I was sitting in my family room this evening watching my favorite television show (not that I watch much TV) and I noticed that my son was sitting at the coffee table playing with some small action figures; not the posable kind, but a futuristic version of the little green army men most of us played with as kids. My first realization, as I watched him set up one team in a perfect L-shaped ambush is that he probably watches me / listens to me teach way too much. My second thought was that how he plays and what toys he plays with are definite indicators of his upbringing and reflect the values of the household. Was that too large a leap of logic? I don’t think so. Continue reading
A while ago I wrote an article that brought great response about how some training circumstances and tools used by our military services today may actually be teaching our soldiers to die. What I mean to say is that the training may be conditioning them to expect their own death. In recent months I’ve been studying instances of violence where American citizens didn’t fight back; didn’t defend themselves; essentially were willing victims. As I’ve examined these instances I noticed somewhat of an age cap on the “willing victims” and I saw a link to our public school system and some policies that were developed in the late ’70s and early ’80s. This is a topic I’ve written about before, but I felt I needed to do some further study, and in this article I’m going to share some of that newly gleaned information with you. Additionally, I’m going to share a story about a thirteen year old 8th grader who, just in this past week, observed a set of circumstances in her school that led her to believe something might not be right. She shared her story with her father and he became VERY alarmed. We’ll discuss why. Continue reading
It is an observable oddity of the American society that we sometimes act or behave exactly opposite to what is in our best interests. I know a great many people who act oddly when they are falling in love, but that’s not really a surprise is it? Some people say that a soldier who sacrifices himself for his fellow soldiers has acted oddly, but others understand the selfless sacrifice he made – and should be honored for. What strikes me this week that I’ll write about in this article is how our American society seems to be structuring itself to raise ever more pacifist citizens at a time in our history when we are most in need of warriors. Continue reading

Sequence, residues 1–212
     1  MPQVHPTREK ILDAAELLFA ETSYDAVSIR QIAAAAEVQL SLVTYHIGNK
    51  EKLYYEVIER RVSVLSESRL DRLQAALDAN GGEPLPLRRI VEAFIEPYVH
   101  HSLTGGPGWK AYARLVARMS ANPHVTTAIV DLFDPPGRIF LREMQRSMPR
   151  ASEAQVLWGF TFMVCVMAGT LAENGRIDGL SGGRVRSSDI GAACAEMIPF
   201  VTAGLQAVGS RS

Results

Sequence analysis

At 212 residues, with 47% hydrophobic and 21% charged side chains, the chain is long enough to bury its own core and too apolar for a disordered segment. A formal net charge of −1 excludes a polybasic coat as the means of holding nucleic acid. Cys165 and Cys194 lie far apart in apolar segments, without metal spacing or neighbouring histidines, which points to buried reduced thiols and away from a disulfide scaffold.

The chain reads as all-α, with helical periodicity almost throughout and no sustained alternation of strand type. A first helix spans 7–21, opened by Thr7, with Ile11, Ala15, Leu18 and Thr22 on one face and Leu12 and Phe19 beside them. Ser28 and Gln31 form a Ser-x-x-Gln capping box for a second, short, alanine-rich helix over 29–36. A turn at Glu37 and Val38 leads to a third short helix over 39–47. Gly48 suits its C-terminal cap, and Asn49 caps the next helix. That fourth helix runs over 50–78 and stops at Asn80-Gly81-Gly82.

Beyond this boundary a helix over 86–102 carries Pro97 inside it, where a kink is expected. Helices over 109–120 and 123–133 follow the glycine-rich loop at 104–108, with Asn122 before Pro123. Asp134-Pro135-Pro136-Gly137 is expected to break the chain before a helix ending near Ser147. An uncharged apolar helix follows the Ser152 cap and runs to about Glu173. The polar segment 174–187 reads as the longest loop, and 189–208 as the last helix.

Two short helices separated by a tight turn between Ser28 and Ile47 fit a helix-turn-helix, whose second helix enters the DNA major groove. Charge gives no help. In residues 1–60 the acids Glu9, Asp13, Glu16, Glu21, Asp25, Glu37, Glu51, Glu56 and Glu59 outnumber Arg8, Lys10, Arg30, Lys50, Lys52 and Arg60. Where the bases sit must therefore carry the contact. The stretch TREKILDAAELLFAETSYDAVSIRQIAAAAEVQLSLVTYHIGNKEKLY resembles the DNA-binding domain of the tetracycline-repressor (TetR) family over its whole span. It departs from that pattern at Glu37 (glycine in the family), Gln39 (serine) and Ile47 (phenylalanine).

MAN: an adult male person, as distinguished from a boy or a woman. A male having qualities considered typical of men or appropriately masculine. A male human endowed with qualities, such as strength, considered characteristic of manhood.
(Definitions provided by www.dictionary.com)
I was a little surprised to find more than 26 definitions for the word “man” when I looked it up on dictionary.com. I knew there was more than one definition, but 26? I read through them all and realized just how versatile the word “man” is. For my purposes though I was looking for an abstract meaning; I was looking for something beyond “adult male human”. I know plenty of males who are legally adults that I don’t consider men. They are either too immature, to selfish, too unmotivated… too something or not enough of something. Such thoughts gave me pause. What exactly is the “something” that makes a man? Continue reading
Most recently I had a conversation with a gentleman who is a Marine, a veteran police psychologist and an avid supporter of self-defense. The conversation started because I had been asking questions about families and the environment set dependent on whether the family itself – that being the mother and father (or other primary care-givers) – either taught self-reliance or they taught dependence. I was amazed to find out that studies had been done which revealed children were born predisposed in their reactions to challenging events. I’m having to be very careful in my wording but to simplify it some, what I discovered was that some babies are born apparently less fearful of certain events than others. When such children are raised in households that teach self-reliance and over-coming challenge, then the adults that result stand a better chance of dealing with traumatic events without negative side-effects. Continue reading
As I stood amongst some peers last week, bragging without shame about my children, one of the fellows kindly listening to me made the following statement: “The hope of our country is in our children, and if we don’t drastically change the societal message they’re getting, our future looks dim.” My very first reaction was to absolutely agree with him. My second reaction was the fearful realization of what that statement meant. I take great faith from some of the legislation that has been passed at the federal and state levels across recent years, but on the other hand, I’ve seen more than I’m interested in seeing on television and in movies. And most of what I’ve seen that I have no use for seems to be what the teenagers of today are drawn to like they’re addicted. The sad truth is that those movies, music videos, etc. are not ABOUT anything. They GLORIFY something, but most often that something is gore, sex, drugs, money, or some other extremely temporary “good time”. The combination of all of that really made me stop and think about our current teenage generation and what we should expect from them in about two decades when they’re running this country – or just taking over. Continue reading